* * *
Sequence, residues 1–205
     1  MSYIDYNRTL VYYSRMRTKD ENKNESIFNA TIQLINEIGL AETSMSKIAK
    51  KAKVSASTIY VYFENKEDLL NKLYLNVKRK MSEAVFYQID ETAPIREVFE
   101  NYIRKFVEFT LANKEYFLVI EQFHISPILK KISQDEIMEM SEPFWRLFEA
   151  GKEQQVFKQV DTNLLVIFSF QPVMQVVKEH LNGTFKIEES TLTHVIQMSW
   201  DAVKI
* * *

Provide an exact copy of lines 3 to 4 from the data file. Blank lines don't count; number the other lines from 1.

    51  KAKVSASTIY VYFENKEDLL NKLYLNVKRK MSEAVFYQID ETAPIREVFE
   101  NYIRKFVEFT LANKEYFLVI EQFHISPILK KISQDEIMEM SEPFWRLFEA